• Clinical science

Locked-in syndrome

Abstract

Locked-in syndrome (LIS) is a rare condition caused by bilateral damage to the ventral pons, most often due to a stroke. LIS is characterized by quadriplegia and bulbar palsy, caused by the interruption of the corticospinal and corticobulbar tracts in the pons. The only remaining voluntary muscle movements include vertical eye movement and blinking. Consciousness, awareness, cognition, and sensation are preserved. Diagnosis of pontine damage is made on a CT or MRI of the brain. Preserved cognition is diagnosed via EEG and neuropsychological testing. Management in most patients includes tracheostomy, mechanical ventilation, placement of a feeding tube, and physiotherapy. Patients learn to communicate through blinking and/or eye movements and the help of computer programs/speech synthesizers. Some patients may recover a certain degree of motor control, speech, and swallowing ability.

Etiology

References:[1][2][3][4][5]

Clinical features

Locked-in syndrome is typically preceded by a loss of consciousness and subsequent coma lasting for days or weeks. The following symptoms are detected on regaining consciousness:

  • Paralysis of voluntary muscles
  • Preservation of the following functions
    • Normal consciousness, language comprehension, cognition, and ability to make decisions
    • Vertical eye movements; and voluntary blinking
    • Cutaneous sensation
    • Involuntary motor phenomenon: yawning, crying, laughing, and ocular bobbing even though voluntary facial expressions are lost

Patients with LIS can only communicate by blinking and vertical eye movements!

References:[6][7][8][9][10]

Diagnostics

  • CT/MRI of the brain: indicated in all patients to identify the underlying cause
  • EEG
    • Indicated in all patients to rule out brain death
    • Used to measure visual/auditory evoked potentials → nearly normal EEG in LIS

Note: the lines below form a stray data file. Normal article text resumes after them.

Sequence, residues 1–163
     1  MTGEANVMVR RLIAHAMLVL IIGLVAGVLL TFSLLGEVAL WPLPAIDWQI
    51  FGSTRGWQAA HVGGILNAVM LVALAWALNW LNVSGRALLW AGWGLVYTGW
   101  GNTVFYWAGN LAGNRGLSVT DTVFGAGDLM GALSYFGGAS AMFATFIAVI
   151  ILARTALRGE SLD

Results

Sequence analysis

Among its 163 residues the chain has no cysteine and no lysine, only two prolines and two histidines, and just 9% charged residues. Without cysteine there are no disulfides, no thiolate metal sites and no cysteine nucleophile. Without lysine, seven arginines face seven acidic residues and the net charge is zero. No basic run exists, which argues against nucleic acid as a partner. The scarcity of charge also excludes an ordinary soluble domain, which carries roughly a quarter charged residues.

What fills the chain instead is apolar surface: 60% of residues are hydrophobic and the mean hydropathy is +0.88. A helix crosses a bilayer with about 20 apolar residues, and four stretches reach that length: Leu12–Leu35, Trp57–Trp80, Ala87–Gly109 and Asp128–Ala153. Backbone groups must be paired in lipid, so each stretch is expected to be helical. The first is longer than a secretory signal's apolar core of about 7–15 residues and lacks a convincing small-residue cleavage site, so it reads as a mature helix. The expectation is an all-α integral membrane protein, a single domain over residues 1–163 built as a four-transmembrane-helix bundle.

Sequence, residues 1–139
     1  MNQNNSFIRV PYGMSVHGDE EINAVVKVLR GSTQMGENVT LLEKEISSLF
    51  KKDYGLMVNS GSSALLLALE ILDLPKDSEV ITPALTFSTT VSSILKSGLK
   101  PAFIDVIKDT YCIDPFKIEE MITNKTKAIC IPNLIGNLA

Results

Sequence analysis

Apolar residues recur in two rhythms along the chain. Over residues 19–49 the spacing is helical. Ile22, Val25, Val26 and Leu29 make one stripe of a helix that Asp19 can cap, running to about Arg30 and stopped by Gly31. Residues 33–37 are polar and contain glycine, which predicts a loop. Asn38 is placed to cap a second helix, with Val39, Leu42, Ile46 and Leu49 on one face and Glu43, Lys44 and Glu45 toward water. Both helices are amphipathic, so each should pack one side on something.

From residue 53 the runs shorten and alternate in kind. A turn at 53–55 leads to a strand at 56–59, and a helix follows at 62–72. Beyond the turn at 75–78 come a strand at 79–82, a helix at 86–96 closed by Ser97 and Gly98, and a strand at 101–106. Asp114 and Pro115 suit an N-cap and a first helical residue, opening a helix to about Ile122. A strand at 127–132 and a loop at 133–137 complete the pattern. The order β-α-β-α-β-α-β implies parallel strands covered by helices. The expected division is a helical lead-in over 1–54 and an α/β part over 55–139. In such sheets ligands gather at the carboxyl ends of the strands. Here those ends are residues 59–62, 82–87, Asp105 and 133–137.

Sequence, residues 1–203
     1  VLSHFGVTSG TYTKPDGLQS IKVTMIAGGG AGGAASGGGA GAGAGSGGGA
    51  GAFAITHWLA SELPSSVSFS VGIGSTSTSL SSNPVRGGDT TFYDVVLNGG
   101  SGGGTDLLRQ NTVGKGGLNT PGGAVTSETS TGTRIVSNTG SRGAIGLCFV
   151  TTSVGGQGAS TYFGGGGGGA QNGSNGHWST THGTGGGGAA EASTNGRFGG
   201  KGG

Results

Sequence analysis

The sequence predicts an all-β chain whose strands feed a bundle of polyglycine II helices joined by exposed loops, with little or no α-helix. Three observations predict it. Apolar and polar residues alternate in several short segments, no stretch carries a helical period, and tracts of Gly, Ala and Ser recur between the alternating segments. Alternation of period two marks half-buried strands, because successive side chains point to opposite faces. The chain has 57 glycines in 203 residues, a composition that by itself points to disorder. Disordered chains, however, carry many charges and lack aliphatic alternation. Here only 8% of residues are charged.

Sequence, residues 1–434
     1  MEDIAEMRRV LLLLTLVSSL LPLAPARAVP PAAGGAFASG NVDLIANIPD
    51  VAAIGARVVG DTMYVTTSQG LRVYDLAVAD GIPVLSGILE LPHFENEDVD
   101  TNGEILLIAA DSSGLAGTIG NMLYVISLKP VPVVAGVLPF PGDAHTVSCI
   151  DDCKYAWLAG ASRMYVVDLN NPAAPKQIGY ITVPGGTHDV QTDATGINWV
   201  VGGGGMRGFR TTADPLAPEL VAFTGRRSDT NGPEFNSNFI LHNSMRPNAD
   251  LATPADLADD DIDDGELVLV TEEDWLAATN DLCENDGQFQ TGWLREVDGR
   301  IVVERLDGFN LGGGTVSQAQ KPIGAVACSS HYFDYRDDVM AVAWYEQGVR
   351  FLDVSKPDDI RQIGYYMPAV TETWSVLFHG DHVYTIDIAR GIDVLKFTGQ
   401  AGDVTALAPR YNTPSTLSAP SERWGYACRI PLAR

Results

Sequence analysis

• Lumbar puncture: indicated if an infectious etiology or Guillain-Barré syndrome is suspected
  • Neuropsychological testing
    • Performed once the patient is stable to assess cognition
    • Patients communicate with eye movements or blinking in response to the test questions → normal or near-normal cognition

Demonstration of preserved cognition, vertical eye movements, and blinking in a quadriplegic, anarthric patient is diagnostic of LIS!

References:[5][6][11][12][13][14]

Differential diagnoses

References:[15][6][16]

The differential diagnoses listed here are not exhaustive.

Treatment

  • In acute phase
    • Supportive therapy (airway, breathing, circulation)
    • Treat the underlying, often life-threatening, disorder (see “Etiology” for causes)
  • In the rehabilitative phase

References:[16][17][18]

Prognosis

  • Patients with LIS may show
    • Complete recovery (transient LIS): e.g., in patients with Guillain-Barré syndrome
    • Moderate recovery: recovery of some motor function, ability to breathe and/or swallow, independence in some activities of daily living
    • Minimal to no recovery
  • Quality of life: Patients with LIS may suffer from depression and apathy but most report a meaningful quality of life.

References:[8][17]

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last updated 10/26/2018
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